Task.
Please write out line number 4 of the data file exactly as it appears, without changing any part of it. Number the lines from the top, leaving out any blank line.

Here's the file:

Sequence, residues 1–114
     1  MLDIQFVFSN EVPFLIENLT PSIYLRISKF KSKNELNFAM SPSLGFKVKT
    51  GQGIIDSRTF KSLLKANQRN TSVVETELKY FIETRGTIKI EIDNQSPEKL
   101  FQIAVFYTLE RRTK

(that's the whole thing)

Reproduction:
   101  FQIAVFYTLE RRTK